Highlights captured in Spin include George Bush (Senior) discussing his thyroid troubles and Al Gore rehearsing “impromptu” chitchat with CNN’s Larry King.

My favorite segment? Larry King telling a pre-election Bill Clinton that cable impresario Ted Turner would “serve” him well (“I’ll call him after you’re elected,” says King. “Think about it.”) Watch the free, uncut, streaming video version of Spin at and you’ll start thinking too.


Despite appearances, not every media outlet is spin doctoring its election coverage. Alternative newsweeklies (such as Metro Times) are often excellent sources of under-the-radar information.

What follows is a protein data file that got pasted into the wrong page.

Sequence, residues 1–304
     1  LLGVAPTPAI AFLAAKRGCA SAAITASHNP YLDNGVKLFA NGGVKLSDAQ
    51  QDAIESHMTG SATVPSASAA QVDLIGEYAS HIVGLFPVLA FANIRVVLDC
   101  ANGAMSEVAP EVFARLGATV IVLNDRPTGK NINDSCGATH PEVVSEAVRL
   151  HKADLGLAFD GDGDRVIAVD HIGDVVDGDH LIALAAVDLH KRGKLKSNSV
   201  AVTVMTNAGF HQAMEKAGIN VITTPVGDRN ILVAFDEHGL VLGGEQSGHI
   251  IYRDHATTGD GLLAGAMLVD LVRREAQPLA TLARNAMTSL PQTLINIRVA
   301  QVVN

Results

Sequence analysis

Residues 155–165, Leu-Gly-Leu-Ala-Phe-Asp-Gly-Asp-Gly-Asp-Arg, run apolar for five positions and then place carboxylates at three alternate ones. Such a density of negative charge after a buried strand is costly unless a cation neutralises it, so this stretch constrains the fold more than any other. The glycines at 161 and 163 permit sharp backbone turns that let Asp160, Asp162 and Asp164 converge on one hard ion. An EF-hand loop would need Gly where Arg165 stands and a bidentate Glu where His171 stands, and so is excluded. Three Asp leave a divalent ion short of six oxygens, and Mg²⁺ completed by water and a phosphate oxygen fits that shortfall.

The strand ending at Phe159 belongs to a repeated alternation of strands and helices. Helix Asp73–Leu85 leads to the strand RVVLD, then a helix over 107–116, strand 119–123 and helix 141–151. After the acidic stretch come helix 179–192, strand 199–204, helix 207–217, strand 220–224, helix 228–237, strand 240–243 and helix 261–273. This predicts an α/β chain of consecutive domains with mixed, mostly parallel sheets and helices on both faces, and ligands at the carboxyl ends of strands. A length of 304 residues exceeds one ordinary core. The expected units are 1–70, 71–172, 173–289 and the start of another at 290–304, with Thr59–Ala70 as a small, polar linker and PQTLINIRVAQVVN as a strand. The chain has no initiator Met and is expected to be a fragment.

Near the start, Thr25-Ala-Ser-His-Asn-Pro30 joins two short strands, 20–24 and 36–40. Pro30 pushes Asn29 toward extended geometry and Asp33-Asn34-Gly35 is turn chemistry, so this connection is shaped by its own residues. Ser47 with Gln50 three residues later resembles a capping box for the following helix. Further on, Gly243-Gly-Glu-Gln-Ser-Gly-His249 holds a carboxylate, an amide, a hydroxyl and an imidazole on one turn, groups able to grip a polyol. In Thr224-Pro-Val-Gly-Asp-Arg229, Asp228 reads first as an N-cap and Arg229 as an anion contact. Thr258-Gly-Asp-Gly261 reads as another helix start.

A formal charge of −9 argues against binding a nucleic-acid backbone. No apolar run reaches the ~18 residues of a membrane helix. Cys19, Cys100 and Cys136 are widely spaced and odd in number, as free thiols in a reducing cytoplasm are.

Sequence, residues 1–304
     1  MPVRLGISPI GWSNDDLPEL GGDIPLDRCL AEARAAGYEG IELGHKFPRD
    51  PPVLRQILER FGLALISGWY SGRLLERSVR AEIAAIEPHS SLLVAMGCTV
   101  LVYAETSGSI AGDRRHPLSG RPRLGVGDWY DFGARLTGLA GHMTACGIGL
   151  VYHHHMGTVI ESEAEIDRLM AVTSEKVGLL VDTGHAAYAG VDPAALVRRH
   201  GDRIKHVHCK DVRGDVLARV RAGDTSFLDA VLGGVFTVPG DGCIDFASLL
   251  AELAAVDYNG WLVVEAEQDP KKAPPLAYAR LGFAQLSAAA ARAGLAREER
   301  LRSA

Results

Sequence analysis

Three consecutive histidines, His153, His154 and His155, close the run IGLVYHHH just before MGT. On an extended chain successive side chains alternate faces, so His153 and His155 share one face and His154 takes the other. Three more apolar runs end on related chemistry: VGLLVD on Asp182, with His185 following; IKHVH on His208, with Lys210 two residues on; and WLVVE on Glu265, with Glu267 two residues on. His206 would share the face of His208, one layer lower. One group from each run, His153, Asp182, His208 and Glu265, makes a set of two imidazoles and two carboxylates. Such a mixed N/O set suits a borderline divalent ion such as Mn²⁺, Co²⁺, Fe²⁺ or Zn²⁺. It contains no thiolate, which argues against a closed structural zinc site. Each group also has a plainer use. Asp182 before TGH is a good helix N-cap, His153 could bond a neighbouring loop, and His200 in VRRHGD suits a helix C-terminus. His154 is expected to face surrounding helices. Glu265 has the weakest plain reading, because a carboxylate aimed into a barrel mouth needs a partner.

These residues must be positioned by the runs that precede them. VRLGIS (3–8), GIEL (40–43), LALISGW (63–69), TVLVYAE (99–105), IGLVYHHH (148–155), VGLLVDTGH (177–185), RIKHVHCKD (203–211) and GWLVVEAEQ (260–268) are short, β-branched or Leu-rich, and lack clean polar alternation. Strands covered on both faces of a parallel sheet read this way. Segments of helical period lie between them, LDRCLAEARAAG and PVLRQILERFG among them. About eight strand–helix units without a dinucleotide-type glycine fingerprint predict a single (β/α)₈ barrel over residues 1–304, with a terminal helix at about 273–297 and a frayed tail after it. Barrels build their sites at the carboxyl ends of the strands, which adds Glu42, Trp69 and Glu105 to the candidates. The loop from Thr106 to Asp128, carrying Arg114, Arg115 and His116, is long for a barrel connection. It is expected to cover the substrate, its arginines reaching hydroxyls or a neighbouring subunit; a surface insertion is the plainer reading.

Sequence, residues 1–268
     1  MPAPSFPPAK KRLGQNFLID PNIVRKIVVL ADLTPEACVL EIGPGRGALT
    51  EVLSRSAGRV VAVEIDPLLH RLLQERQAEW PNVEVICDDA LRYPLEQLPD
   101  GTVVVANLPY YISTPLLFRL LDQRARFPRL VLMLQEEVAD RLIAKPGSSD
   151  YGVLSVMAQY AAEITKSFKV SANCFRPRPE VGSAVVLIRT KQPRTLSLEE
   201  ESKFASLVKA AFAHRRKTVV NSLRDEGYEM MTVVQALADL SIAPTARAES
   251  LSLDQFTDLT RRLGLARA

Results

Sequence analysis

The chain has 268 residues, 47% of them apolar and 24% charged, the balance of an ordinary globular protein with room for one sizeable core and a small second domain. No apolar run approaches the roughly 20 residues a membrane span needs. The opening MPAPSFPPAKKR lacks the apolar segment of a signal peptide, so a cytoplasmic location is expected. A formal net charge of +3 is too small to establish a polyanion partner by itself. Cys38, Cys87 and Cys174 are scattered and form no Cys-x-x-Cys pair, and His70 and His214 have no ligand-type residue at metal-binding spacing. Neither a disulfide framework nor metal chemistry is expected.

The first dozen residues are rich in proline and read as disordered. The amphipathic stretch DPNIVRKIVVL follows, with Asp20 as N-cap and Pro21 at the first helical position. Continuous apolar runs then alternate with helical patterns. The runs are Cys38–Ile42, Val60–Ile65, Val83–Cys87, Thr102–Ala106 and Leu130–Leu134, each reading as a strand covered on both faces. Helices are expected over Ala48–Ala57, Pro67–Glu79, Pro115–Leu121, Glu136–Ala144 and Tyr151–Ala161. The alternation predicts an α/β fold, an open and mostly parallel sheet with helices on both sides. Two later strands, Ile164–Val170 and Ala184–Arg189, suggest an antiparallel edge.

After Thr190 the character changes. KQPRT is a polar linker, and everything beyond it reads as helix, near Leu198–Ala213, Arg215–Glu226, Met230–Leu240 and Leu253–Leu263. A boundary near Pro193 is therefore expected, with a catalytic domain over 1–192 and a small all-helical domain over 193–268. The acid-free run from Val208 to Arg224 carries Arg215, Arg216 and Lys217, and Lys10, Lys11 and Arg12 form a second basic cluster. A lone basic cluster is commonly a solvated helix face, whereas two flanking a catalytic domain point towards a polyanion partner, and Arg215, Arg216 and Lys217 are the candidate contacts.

Visit, a Web log of up-to-the-minute story links from alternative publications nationwide. I’m especially fond of the “On the Road with Ralph!” section, which features daily updates on the Green Party’s presidential bid.

Of course, a national perspective is just that ... national. For a fully informed view, find out what the rest of the world thinks. Point your browser to the aptly titled Ultimate Collection of News Sites ( and follow the links. You’ll discover sites for thousands of newspapers worldwide.

What’s the overseas perspective on our upcoming election in Norway ( or Nepal ( Find out. Or check back with Mother England, where the London-based Independent ( recently offered a British take on “Why Americans would rather have a rookie than a bore for president.”

Other recommendations: The Texas Observer’s home state compendium of Bush-related shockers ( bush_toc.html). Or dig deeper with Web-only publications such as (the self-described “undrudge report”).